February 22, 2011
Male Fertility Is In The Bones
(Ivanhoe Newswire) "“ Scientists have discovered an unexpected connection between a hormone produced in bone and male fertility. The study illustrates that the skeletal hormone known as osteocalcin boosts testosterone production to support the survival of the germ cells that go on to become mature sperm.
According to Gerard Karsenty of Columbia University, the findings in mice offer the foremost evidence that the skeleton controls reproduction through the production of hormones.
Bone was once thought of as a "mere assembly of inert calcified tubes," the researchers explained. Conversely, in the last ten years, scientists have gained a much more dynamic picture of bone as a bona fide endocrine organ with links to energy metabolism and reproduction.
Previous work on skeletal ties to reproduction had focused first and foremost on the reproductive organs as a regulator of bone remodeling. Ultimately, that notion led Karsenty's and his team to once again bone up on their study and particularly focus on whether the influence might go the other way as well. Given the links between menopause and osteoporosis, his team anticipated such a connection would more likely turn up in females, however, that's not what they found at all.
"We found that the bones do control reproduction, but only in males," Karsenty was quoted as saying. "That was obviously a surprise, but that's the finding."
Researchers report that osteocalcin produced by the bone-building cells known as osteoblasts induces testosterone production by the testes, but in due course fails to influence estrogen production by ovaries.
Mating between normal females and osteocalcin-deficient males produced smaller and less frequent litters than those between typical males and females. Males lacking a second gene that inhibits osteocalcin's endocrine functions showed just the opposite: larger (though not significantly larger) and more frequent litters.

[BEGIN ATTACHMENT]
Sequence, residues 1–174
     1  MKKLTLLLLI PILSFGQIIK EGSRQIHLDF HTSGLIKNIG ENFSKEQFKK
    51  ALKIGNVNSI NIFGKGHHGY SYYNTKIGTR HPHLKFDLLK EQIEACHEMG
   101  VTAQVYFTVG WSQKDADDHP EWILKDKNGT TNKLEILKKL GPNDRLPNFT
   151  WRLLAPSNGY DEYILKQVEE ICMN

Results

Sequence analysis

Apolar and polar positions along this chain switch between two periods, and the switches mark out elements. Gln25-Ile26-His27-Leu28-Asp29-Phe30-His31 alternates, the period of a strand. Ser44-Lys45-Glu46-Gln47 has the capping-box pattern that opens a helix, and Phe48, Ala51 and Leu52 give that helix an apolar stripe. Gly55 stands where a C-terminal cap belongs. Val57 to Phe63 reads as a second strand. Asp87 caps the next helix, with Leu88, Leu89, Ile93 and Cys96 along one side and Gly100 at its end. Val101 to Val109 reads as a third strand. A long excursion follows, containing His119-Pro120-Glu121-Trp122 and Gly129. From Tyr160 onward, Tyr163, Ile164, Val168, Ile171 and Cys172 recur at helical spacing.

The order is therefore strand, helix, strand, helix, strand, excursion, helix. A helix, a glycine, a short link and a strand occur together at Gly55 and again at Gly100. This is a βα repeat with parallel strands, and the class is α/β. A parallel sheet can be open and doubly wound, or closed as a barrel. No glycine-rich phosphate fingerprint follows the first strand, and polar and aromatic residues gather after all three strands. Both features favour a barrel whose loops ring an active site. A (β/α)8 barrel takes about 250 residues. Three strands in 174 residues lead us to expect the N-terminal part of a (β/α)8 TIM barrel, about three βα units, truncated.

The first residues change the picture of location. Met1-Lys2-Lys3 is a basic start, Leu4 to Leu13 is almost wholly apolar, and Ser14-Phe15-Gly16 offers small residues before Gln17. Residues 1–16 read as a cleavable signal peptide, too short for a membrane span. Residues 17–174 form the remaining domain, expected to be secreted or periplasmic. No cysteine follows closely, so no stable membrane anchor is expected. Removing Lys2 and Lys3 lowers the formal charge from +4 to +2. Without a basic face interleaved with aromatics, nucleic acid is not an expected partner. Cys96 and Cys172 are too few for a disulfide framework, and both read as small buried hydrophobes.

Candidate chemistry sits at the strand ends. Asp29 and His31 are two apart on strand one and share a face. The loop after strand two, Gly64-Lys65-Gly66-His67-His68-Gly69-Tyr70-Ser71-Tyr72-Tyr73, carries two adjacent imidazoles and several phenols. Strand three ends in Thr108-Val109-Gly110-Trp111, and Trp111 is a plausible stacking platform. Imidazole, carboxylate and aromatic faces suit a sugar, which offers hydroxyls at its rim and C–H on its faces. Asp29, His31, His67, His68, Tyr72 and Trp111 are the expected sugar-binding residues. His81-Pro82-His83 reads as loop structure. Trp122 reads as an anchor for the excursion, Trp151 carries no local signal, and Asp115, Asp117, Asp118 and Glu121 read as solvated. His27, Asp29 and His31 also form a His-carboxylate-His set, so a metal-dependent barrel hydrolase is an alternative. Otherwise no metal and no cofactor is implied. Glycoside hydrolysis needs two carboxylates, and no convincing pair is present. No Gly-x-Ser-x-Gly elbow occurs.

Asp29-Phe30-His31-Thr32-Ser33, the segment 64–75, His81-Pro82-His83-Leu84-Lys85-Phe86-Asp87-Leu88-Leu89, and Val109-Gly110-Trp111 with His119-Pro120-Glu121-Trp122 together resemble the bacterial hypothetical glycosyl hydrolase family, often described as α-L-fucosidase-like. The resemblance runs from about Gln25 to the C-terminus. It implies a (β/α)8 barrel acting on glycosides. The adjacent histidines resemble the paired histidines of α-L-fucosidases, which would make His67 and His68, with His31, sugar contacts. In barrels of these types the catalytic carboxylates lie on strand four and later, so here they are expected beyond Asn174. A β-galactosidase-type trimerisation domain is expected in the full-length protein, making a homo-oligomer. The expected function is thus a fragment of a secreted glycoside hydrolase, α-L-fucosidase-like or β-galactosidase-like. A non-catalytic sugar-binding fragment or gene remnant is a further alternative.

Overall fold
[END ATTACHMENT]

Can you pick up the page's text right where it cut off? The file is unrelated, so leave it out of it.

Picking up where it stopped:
The researchers further demonstrated that osteocalcin works through a receptor found on testosterone-producing Leydig cells in the testes. The recently identified osteocalcin receptor is formerly known to be solely expressed in human testicles but not ovaries. Osteocalcin has also been revealed to influence glucose metabolism in both mice and humans, suggesting that it does act as a hormone in humans.
The novel breakthrough could lead to answers for some men who now suffer from unexplained infertility. "Male subfertility with no apparent cause is a well-known condition," Karsenty said. He added that researchers might now start looking for evidence that mutations in osteocalcin or its receptor may be responsible in some of those cases.
Karsenty concludes that his team intends to carry on their study with the effects of bone on male fertility in greater detail, and may discover additional links to female fertility that are independent of osteocalcin.
SOURCE: Cell, February 2011